The comparative seed ecology of Desmoschoenus spiralis (A.Rich.) Hook.f. and Ammophila arenaria (L.) Link
The introduction of marram grass (Ammophila arenaria) to the New Zealand dune ecosystem has brought about rapid changes to dune morphology and plant assemblages . The native sand binder Pingao (Desmoschoenus spiralis) has been widely displaced by the invasive A.arenaria in the dune landscape in New Zealand. However, there is very little known about the seed ecology of Ammophila in New Zealand conditions, nor from other overseas research. Seed ecology research for Desmoschoenus has been limited to the understanding of "best practices" for the harvesting of seed and raising plants in restorative efforts in affected dunelands. Dispersal studies of A. arenaria and D. spiralis have not been undertaken, and this has left a gap in our ecological understanding of the invader and competitive plant paradigm in the New Zealand coastal dune context. The seeds from both species were collected during the 2004 and 2005 summer periods for eight weeks from Toko Mouth in South Otago. The Toko Mouth site was monitored for seasonal changes in sand movement, wind regime, temperature, and rainfall during the study period. In 2004, which was hot and dry during the pollination and seed maturation periods, 40.08% of fresh A. arenaria were germinable, whereas, only 1.56% of D. spiralis produced germinable seeds, and exhibited possible drought stress, through premature seed dispersal, and pollination failure due to the prolonged hot weather. The 2005 season saw heavy rain during anthesis and seed maturation, and only 15.90% of fresh A. arenaria seeds were germinable, but D. spiralis germination increased to 11.00%. D. spiralis flowers earlier than A. arenaria and is more sensitive to drought. The low viability of seed in 2004 appears due to possible drought stress triggering premature seed dispersal. Pollination success may also have been low. Reduced seed viability in A.arenaria in 2005 appears to relate to cold wet conditions during its later flowering and seed maturation period. Environmental conditions during the different flowering times between the two species appears likely to effect pollination and seed maturation, and this was observed in the subsequent increase or decrease in the production of germinable seeds. Drying after seed ripening (22°Celsius for 7 days) and stratifying seeds (4°Celsius for 42-63 days) did not improve the germination of either species, indicating little innate dormancy. Only 7.35% and 7.75% of A.arenaria seeds germinated after drying in the 2004 and 2005 samples, and 0.25% and 2.5% of D. spiralis seeds germinated with drying after ripening in 2004 and 2005. Desmoschoenus seed germination was instead further decreased by the application of this method, possibly due to the already poor condition of Desmoschoenus seed produced in hot weather conditions. Stratification of Desmoschoenus in 2004 was 0.23% 1.77% in 2005 when compared to fresh seed, indicating the lack of a cold treatment requirement to break innate dormancy. Cold storage of D.spiralis seeds in seed banks appears part of a natural seasonal cycle, and dune disturbance accompanied with increases in dune temperature is likely the most important trigger for germination of seeds trapped in seed beds. Tetrazolium testing showed that the long term viability of seeds stored at cold temperatures (≤4°Celsius) was reduced in both species, suggesting that seeds may be only capable of short term survival in seed banks (1 or 2 seasons). In dispersal testing the Phase I (initial dispersal from the parent) seed shadows of both species was a typically skewed leptokurtic distribution, showing that initial dispersal distance from the parent point source is low. However, the opportunities for movement were changed in the Phase II dispersal (movement from the surface) with Ammophila moving distances of up to 20 metres at high wind speeds. Micro-topographical influences altered the opportunities for wider dispersal of Desmoschoenus that remained in aggregated clumps close to the parent point source. The relative rollability of seeds of both species using a rollability apparatus was used for the first time in seed ecology to test the effects of morphological differences on dispersal behaviour in both species. The mean settling time in Ammophila (43.089 seconds) was slower than Desmoschoenus (31.184 seconds) when dry, revealing that the basal hairs of Ammophila acted as a pivot and anchor for the plume to anchor onto the surface. Settling times (Ammophila 32.746 seconds and Desmoschoenus 25.972 seconds) were greatly reduced when the hairs were wet and configured tightly around the plume, thus creating a more streamlined propagule shape. The morphological differences greatly affect the ability of the two species to reach and colonise new areas after Phase II dispersal. The higher rate of fecundity and wider dispersal rates of A. arenaria gave it a distinct ecological edge over D.spiralis in the dune landscape in terms of invasion and colonisation. However, the movement of seed for ideal germination conditions was dependent on the orientation of the site and prevailing wind regime prevalent to the dune landscape.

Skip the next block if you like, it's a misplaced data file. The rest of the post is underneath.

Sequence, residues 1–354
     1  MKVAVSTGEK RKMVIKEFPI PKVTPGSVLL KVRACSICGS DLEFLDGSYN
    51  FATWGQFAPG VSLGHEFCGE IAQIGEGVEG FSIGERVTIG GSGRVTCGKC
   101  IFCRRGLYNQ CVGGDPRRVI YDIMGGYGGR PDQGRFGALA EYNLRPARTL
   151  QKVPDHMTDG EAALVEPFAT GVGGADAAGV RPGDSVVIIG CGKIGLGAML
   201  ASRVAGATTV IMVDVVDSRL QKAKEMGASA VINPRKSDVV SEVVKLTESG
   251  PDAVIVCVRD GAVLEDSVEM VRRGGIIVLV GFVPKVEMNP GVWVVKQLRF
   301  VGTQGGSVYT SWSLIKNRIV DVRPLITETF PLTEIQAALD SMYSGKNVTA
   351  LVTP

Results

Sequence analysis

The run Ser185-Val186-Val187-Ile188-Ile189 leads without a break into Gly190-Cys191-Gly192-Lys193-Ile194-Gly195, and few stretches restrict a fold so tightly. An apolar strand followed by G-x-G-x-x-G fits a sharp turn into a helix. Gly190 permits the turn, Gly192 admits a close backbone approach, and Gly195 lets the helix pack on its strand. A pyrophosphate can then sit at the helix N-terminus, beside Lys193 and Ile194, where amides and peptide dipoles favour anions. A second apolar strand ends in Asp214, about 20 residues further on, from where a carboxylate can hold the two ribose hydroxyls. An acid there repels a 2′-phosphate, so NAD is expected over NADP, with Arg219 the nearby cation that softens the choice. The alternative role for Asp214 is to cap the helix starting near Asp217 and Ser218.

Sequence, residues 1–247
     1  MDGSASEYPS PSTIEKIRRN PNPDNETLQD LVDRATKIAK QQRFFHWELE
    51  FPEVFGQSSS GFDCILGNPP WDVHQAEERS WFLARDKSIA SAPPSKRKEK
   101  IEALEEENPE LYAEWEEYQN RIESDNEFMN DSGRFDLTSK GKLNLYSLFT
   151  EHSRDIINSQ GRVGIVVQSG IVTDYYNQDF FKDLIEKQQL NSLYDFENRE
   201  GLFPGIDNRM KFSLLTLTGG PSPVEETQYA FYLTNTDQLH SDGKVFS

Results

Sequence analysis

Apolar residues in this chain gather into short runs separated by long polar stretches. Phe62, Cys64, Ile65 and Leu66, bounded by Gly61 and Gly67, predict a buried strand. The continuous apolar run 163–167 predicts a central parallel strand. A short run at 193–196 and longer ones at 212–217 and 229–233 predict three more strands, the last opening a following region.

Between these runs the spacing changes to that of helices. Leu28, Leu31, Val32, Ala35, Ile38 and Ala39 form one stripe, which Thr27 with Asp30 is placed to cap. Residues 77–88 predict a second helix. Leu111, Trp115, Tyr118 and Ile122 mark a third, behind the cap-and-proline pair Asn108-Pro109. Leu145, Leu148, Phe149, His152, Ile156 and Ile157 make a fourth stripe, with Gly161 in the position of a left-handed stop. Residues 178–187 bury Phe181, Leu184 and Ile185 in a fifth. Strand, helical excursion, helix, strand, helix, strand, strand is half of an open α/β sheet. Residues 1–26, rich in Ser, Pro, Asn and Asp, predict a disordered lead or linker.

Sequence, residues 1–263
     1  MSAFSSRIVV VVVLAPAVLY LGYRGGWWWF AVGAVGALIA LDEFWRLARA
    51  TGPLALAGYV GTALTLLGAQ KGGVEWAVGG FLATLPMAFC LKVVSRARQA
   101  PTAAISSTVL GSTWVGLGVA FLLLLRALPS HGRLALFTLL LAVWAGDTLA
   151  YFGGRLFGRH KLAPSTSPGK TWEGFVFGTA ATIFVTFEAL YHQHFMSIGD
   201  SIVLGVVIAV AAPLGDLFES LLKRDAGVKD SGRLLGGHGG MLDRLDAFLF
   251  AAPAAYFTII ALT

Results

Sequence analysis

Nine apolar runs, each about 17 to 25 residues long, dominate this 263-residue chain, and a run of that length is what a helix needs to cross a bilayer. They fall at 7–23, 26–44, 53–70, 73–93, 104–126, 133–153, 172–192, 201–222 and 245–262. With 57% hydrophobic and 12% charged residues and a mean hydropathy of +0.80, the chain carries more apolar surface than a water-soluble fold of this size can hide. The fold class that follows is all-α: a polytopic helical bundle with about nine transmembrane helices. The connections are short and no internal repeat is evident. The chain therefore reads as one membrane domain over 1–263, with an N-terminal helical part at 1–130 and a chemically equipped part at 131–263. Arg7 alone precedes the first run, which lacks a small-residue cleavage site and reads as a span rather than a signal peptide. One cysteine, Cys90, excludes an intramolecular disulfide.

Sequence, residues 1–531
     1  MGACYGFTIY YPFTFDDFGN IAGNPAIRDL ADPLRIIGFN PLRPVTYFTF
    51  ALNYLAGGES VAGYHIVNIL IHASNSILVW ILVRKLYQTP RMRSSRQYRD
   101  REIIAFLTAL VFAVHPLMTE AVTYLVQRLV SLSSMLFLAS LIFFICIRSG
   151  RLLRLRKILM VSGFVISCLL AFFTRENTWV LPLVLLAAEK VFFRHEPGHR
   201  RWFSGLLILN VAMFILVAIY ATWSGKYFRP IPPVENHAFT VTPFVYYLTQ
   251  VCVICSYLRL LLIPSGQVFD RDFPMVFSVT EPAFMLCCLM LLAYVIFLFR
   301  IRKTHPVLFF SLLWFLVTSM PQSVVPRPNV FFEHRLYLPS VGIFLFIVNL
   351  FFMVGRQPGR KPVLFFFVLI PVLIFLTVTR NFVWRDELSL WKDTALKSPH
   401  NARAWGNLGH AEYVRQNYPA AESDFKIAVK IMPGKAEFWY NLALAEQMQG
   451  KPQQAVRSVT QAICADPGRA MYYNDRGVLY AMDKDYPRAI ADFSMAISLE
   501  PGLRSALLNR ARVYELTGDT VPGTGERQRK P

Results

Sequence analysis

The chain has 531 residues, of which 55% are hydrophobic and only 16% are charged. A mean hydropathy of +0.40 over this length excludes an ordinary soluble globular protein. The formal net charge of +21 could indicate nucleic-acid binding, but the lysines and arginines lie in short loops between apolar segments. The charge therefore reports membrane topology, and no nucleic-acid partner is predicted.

Advisor: Lord, Janice; Hilton, Mike
Degree Name: Master of Science
Degree Discipline: Botany
Publisher: University of Otago
Research Type: Thesis